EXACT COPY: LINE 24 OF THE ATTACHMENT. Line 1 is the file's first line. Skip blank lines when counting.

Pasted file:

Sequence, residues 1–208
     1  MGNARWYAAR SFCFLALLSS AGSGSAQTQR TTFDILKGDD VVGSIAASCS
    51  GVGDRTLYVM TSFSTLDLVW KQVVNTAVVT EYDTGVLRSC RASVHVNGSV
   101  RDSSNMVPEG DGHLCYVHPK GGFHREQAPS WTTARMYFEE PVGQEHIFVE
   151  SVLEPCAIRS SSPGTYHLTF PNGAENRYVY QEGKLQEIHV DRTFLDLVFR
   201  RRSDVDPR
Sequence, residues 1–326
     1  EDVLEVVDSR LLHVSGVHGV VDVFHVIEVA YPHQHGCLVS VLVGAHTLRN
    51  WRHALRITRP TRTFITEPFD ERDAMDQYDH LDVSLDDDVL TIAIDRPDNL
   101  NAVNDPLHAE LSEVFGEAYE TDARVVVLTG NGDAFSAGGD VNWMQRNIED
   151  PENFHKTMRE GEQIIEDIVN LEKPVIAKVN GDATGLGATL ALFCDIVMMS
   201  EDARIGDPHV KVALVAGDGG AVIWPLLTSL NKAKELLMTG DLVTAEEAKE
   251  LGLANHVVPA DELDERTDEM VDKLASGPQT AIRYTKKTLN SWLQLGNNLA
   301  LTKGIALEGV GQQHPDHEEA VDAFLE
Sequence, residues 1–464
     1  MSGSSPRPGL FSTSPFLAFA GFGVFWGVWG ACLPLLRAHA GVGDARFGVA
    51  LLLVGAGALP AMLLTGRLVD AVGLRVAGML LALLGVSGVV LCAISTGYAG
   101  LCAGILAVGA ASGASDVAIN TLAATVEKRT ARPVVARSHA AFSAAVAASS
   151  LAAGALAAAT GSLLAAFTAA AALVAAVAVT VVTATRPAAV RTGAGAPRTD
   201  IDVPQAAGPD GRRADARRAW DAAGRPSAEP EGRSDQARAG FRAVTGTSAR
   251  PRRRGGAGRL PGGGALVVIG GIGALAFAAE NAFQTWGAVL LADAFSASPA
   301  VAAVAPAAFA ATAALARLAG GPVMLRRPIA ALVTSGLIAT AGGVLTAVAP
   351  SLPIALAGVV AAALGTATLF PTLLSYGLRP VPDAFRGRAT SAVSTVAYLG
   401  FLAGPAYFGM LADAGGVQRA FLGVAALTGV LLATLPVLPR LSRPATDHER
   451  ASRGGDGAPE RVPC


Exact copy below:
   401  FLAGPAYFGM LADAGGVQRA FLGVAALTGV LLATLPVLPR LSRPATDHER